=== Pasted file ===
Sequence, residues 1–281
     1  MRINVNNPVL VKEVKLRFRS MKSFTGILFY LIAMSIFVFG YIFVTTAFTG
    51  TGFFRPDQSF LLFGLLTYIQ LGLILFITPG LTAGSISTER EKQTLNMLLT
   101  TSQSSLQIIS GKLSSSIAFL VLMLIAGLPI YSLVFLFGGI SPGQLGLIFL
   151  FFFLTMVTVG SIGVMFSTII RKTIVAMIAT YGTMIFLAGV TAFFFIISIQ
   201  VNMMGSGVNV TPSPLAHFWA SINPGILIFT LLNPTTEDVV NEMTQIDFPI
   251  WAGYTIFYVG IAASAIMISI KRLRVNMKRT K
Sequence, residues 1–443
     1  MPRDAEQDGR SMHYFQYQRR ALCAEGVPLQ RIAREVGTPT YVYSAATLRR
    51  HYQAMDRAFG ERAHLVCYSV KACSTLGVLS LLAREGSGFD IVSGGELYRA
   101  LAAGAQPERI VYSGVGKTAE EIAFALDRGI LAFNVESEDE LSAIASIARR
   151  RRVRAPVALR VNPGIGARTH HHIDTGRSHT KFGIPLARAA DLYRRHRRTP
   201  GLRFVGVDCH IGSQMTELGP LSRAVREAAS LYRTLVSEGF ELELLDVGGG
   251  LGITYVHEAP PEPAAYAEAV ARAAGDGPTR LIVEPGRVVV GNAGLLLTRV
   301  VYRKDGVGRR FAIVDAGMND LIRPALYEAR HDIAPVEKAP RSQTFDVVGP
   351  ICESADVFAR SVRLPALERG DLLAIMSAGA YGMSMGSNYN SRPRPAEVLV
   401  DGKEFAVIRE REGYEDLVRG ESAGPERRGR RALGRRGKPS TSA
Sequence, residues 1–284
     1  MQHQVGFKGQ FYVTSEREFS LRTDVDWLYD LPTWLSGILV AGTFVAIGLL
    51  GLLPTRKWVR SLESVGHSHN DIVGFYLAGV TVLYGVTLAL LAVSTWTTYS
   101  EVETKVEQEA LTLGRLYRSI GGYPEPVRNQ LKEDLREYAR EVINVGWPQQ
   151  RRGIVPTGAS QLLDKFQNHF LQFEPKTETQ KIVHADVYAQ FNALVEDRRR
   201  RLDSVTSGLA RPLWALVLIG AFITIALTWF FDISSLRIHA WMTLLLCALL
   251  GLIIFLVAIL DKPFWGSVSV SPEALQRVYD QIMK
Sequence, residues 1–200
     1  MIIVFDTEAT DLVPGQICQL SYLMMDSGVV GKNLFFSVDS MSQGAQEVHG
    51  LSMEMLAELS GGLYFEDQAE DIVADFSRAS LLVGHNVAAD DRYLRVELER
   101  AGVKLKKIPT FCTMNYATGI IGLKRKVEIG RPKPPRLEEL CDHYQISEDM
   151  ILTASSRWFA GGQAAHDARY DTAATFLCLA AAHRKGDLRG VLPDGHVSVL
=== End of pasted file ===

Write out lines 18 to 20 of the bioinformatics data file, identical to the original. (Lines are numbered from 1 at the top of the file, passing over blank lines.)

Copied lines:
Sequence, residues 1–284
     1  MQHQVGFKGQ FYVTSEREFS LRTDVDWLYD LPTWLSGILV AGTFVAIGLL
    51  GLLPTRKWVR SLESVGHSHN DIVGFYLAGV TVLYGVTLAL LAVSTWTTYS